Renewing American water infrastructure will take time, but we are on the right track
So far, 2018 has brought encouraging news in the ongoing struggle to renew the nation’s water infrastructure. However, it will take a sustained effort over many years to assure water systems remain strong and reliable.
Making the Case
A few years ago, the American Water Works Association, the world’s largest association of water professionals, released the study “Buried No Longer: Confronting America’s Water Infrastructure Challenge.” This study analyzed the history of investment in water infrastructure in the United States, the types of pipe material used, and the lifespan of those materials. It then used that data to forecast future pipe failure and the cost of replacement, concluding that the U.S. will need to invest $1 trillion in the next 25 years to maintain our current level of service and to serve a growing population. Wastewater infrastructure needs are thought to be of a similar scale.
Water infrastructure management and investment will be hot topics of conversation at AWWA’s Annual Conference and Exposition (ACE18), hosted June 11-14 in Las Vegas. An estimated 12,000 attendees will have access to professional tracks that focus on asset management, rates and financing, and affordability.
Even the U.S. EPA’s latest needs survey — which usually suggests lower investment and focuses primarily on serving the State Revolving Fund loan program — estimates that in the next 20 years, the United States will need to invest $313 billion in pipelines, $83 billion in treatment facilities, $48 billion in storage infrastructure, and $22 billion in source water facilities.
A Federal Role
Currently, the primary federal role in aiding investment in water infrastructure comes via providing tax exemptions for municipal bonds and funding for the drinking water and wastewater SRFs and the Water Infrastructure Finance and Innovation Act program.
The omnibus budget bill Congress approved in March gave the two SRF programs an additional $300 million each over the previous year’s funding levels. It also provided WIFIA with $63 million in funding, more than doubling funds from the previous year.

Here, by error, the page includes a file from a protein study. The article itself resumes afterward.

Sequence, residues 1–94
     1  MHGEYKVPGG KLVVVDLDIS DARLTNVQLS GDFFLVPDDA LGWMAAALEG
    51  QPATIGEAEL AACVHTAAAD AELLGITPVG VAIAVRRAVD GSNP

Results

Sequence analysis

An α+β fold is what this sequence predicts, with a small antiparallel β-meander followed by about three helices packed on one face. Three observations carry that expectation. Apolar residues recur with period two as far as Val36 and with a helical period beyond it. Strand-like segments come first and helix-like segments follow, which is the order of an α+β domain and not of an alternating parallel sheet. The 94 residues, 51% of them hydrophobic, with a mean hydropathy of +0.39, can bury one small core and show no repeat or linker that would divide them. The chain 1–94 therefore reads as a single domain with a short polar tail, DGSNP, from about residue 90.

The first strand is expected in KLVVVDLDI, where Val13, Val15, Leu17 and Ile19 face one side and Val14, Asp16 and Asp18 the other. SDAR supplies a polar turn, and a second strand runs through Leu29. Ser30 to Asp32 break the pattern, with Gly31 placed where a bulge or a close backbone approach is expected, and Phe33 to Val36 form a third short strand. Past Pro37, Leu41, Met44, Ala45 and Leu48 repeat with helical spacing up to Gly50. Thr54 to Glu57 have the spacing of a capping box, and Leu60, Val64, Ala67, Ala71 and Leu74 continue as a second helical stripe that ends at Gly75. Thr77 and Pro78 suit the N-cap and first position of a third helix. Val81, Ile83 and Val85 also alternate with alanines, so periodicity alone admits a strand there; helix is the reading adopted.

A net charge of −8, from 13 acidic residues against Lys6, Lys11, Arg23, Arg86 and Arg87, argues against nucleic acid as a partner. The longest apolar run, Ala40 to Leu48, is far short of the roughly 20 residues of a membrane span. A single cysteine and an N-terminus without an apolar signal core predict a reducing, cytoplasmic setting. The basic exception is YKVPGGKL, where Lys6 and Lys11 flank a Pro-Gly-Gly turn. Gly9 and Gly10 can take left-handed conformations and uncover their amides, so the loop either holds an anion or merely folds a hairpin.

WIFIA leverages federal appropriations with the issuance on long-term Treasury bonds. Because water utilities have such strong credit histories, WIFIA can leverage federal dollars at a very high rate. In fact, the $30 million that Congress appropriated in FY2017 was leveraged at a ratio of 92:1, meaning that for every dollar appropriated, WIFIA was able to loan $92.
Congress created WIFIA in June 2014, but the program did not receive funding to make loans until FY2017. Therefore, it is just now showing what it is capable of. After the first notice of funding availability, EPA’s WIFIA office received 43 letters of interest from utilities and similar entities across the country about potential loans. From those, 12 were invited to proceed to the formal application process, and those 12 projects will receive $2.3 billion in loans. Because WIFIA supports no more than 49 percent of a project’s costs, that means it will spur $5.1 billion in infrastructure investment. Now consider the impact the $63 million provided in FY2018 can have.
However, authorization for WIFIA expires at the end of FY2019. It would be a huge setback to addressing the nation’s water infrastructure needs if this efficient program were to go away. Fortunately, there is bipartisan legislation in both houses of Congress now to reauthorize the program and increase its funding. That legislation is H.R. 4492 and S. 2329, the Water Finance and Innovation Reauthorization Act. Americans should thank Representatives Brian Mast of Florida, Bob Gibbs of Ohio, and Julia Brownley of California, as well as Senators Patrick Maloney of New York, John Hoeven of North Dakota and Cory Booker of New Jersey for their leadership on WIFIA reauthorization.
An even more concrete step toward continuing WIFIA took place in May, when the Senate Committee on Environment and Public Works released its America’s Water Infrastructure Act of 2018. It contained a two-year reauthorization of WIFIA with authorized funding set at $200 million over that period, to be split between EPA and the U.S. Army Corps of Engineers. The legislation creating WIFIA in 2014 set up a parallel program at the Corps, but it has never been implemented.
It’s encouraging that the public and policymakers in the United States are recognizing the need to invest more in water infrastructure. Members of the water community and local government need to continue to communicate our water infrastructure challenges to lawmakers and the public. Then we need to make the most efficient use possible of the infrastructure finance tools at our disposal — rate and fee revenues, tax-exempt bonds, SRFs, WIFIA, private activity bonds, etc. — to serve the public and the environment.
Tommy Holmes, is the Legislative Director of the American Water Works Association. Established in 1881, the American Water Works Association is the largest nonprofit, scientific and educational association dedicated to managing and treating water, the world’s most important resource. For more information, visit www.awwa.org